Kodaikanal Solar Observatory (KSO)
The Kodaikanal Solar Observatory (KSO) of the Indian Institute of Astrophysics is located in the beautiful Palani range of hills in Southern India. It was established in 1899 as a Solar Physics Observatory and all the activities of the Madras Observatory were shifted to Kodaikanal.
Telescopes and instruments at KSO
The H-alpha telescope installed at the Kodaikanal Observatory in October 2014. An objective lens of 20 cm doublet provides f/7.9 beam. With the additional optics, the telescope makes full-disk image of the sun. The telescope is also capable of making magnified view of partial disk of the sun.
A tunable Lyot filter isolates the H-alpha spectral line. The H-alpha line center image was made with a spectral resolution of 0.4 A. With the 13.5 micron pixel CCD camera the pixel resolution is about 1.21" in full-disk and 0.48" in partial disk mode.
All the H-alpha data is calibrated. The calibrated data is available for scientific research on request.
Two telescopes mounted on a single equatorial mount. Each telescopes, having 15-cm objective lens makes the full-disk images of the sun in Ca-K (393.37 nm) and white-light. A 2048 X 2048 pixels with 13.5 micron sized CCD camera makes the full-disk images of the sun in Ca-K and white-light with a pixel resolution of 1.25 arc sec. The telescope started making the observations of the sun in Ca-K wavelength and white-light since February 2008. It has stopped making observations in 2012. Now, the observations of the sun in Ca-K wavelength is made using WARM telescope. The calibrated data from 2008 to 2012 is available for scientific research on request.
A full-disk solar imaging telescope WARM (White light Active Region Monitor) is started making the full-disk observations of the sun since January 2016 at the Kodaikanal Observatory. It has a two-mirror coelostat system which feed sunlight to the 15 cm aperture doublet. The telescope along with additional optics produces two images in perpendicular directions. In one channel full-disk G-band images (at 430.5 nm) and in the other channel red continuum (630.25 nm) images are obtained. From February 2017, the red continuum filter is replaced with Ca-K filter. The WARM telescope is making the fulldisk observations of the photosphere and chromosphere simultaneously.
The calibrated data of full-disk G-band and Ca-K is available to the public on request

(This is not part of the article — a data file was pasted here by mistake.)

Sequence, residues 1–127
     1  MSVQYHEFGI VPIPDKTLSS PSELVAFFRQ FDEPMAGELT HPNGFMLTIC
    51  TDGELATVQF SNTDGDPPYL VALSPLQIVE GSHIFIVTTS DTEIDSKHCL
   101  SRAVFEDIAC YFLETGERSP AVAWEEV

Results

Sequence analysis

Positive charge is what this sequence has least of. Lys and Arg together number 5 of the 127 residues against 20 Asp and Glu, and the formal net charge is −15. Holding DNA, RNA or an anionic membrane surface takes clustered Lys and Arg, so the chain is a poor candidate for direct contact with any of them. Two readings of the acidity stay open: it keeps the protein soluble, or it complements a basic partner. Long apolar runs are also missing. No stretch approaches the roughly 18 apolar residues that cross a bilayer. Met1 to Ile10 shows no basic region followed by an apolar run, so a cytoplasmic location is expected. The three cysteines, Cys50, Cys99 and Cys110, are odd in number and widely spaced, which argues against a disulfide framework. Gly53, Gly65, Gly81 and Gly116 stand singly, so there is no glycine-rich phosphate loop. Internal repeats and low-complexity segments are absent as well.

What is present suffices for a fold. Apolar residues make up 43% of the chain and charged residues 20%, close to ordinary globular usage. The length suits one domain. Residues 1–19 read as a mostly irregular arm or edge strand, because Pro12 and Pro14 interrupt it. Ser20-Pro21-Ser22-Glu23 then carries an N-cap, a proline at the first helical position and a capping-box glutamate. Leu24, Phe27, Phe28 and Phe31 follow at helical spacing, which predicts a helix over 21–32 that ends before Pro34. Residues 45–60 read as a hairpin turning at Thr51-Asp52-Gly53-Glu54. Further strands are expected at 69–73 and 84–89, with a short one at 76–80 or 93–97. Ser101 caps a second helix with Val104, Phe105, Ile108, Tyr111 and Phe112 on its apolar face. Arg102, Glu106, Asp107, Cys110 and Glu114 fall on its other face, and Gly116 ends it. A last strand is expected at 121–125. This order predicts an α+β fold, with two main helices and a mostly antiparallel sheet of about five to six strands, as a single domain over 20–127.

A Littrow-type spectrograph is the back-end instrument at the telescope. A 20 cm diameter, 18 m focal length achromat in conjunction with a 600 lines/mm grating gives 9 mm/A dispersion in the fifth order of the grating. Together with the 5.5 arcsec/mm spatial resolution of the image, it forms a high resolution set up for solar spectroscopy. Recording of the spectrum was made photographically in the past and at present 2k X 2k pixels CCD camera is used.
An another instrument, polarimeter set-up kept infront of the spectrograph slit makes polarization measurements in sunspot regions of the sun. This instruments provides magnetic field strength and direction in sunspot regions.
A 15 cm aperture English mounted refractor by Lerebour and Secretan, acquired in 1850 and remodelled by Grubb in 1898 to serve as a photoheliograph, is in use since the beginning of last century to obtain 20 cm white light pictures of the Sun on a daily basis, sky permitting. This telescope is functional till today and continue to take images in photgraphic films.
Twin spectroheliographs giving 6 cm diameter full disc photographs of the Sun in Calcium K and hydrogen alpha lines are in regular use till 1999. A 46 cm diameter Foucault siderostat feeds light to a 30 cm aperture f/22, Cooke triplet lens. The two prism K spectroheliographs were acquired in 1904 and the H alpha grating spectroheliograph was operational in 1911. Since 1912, prominant pictures over the full limb are also being obtained in K by blocking the solar disc. These observations and the white light pictures are obtained around 200 days a year.
The Observatory has arranged a popular Astronomy museum on campus for the visitors. The displays are mainly pictorial, supported by a few models. A live solar image and the Fraunhofer spectrum are also presented. From April 1st to June 15th Kodaikanal Observatory is open to public between 10:00 to 12:00 hrs and 14:00 to 16:00 hrs. For the rest of the year the Observatory will be open to public only on every Friday between 10:00 to 12:00 hrs.
Dr. E. Ebenezer Chellasamy (Resident Scientist)
E-mail : eben[AT]iiap.res.in
Prof. R. Ramesh (Professor In Charge)
E-mail : ramesh[AT]iiap.res.in
Kodaikanal Solar Observatory
Indian Institute of Astrophysics
Kodaikanal- 624 103 India
Tel : 91 (4542) 240 245
24x7 Enquiry : +91 (4542) 240588, 246242